Languages
Page last updated at 22:09 GMT, Wednesday, 18 June 2008 23:09 UK

US-held terror suspects 'abused'

Detainee at Guantanamo (2006)
The White House said the mistreatment of detainees has never been a policy

Medical examinations of former terror suspects held by US troops showed proof of physical and psychological torture, a US-based human rights group said.

The Physicians for Human Rights group cited beatings, sexual abuse, electric shock, isolation and forced nakedness.

It said the 11 men - all freed without charge from US military jails in Iraq and Guantanamo Bay - were suffering from post-traumatic stress disorder.

The White House maintains that the US has treated all detainees humanely.

Trauma

The 121-page report said the medical examinations provided "evidence of violation of criminal laws prohibiting torture and of the commission of war crimes by US personnel".

It said that since only 11 detainees were examined the findings could not be "generalised to the treatment of all detainees in US custody".

The torture and abuse these men were subjected to in Abu Ghraib and the resulting trauma are second-to-none
Allen Keller
Physicians for Human Rights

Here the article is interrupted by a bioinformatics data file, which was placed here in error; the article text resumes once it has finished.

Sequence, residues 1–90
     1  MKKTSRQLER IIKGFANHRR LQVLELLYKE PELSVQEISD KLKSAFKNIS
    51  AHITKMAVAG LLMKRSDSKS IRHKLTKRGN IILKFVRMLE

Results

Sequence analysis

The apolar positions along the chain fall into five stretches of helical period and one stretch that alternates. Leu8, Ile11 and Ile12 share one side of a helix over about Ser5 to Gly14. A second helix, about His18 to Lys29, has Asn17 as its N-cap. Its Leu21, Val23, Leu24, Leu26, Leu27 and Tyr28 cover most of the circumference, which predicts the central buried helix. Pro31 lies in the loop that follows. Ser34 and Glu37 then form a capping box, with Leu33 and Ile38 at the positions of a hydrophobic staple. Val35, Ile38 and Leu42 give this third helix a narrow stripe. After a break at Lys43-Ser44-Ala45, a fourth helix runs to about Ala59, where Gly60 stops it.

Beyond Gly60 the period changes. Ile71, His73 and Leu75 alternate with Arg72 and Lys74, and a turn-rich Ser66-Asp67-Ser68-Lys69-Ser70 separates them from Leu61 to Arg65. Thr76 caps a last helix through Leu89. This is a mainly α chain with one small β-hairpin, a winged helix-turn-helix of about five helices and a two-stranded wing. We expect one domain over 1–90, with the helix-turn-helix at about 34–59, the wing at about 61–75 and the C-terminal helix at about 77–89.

But it said the evidence was consistent with the findings of other investigations "making it reasonable to conclude that these detainees were not the only ones abused, but are representative of a much larger number of detainees subjected to torture and ill treatment".

The group drew their conclusions from two-day clinical evaluations of each of the men.

Four of the men, arrested in Afghanistan between 2001 and 2003, spent about three years at Guantanamo Bay prison in Cuba before being released without charge.

The remaining seven were detained in Iraq in 2003 and were held at Abu Ghraib prison, until their release later that year or in 2004.

One of the doctors, Allen Keller, said: "As a physician with more than 15 years of experience evaluating and caring for torture victims from all over the world, the torture and abuse these men were subjected to in Abu Ghraib and the resulting trauma are second to none."




RELATED INTERNET LINKS
The BBC is not responsible for the content of external internet sites


FEATURES, VIEWS, ANALYSIS
Has China's housing bubble burst?
How the world's oldest clove tree defied an empire
Why Royal Ballet principal Sergei Polunin quit

BBC navigation

BBC © 2014 The BBC is not responsible for the content of external sites. Read more.

This page is best viewed in an up-to-date web browser with style sheets (CSS) enabled. While you will be able to view the content of this page in your current browser, you will not be able to get the full visual experience. Please consider upgrading your browser software or enabling style sheets (CSS) if you are able to do so.

Americas Africa Europe Middle East South Asia Asia Pacific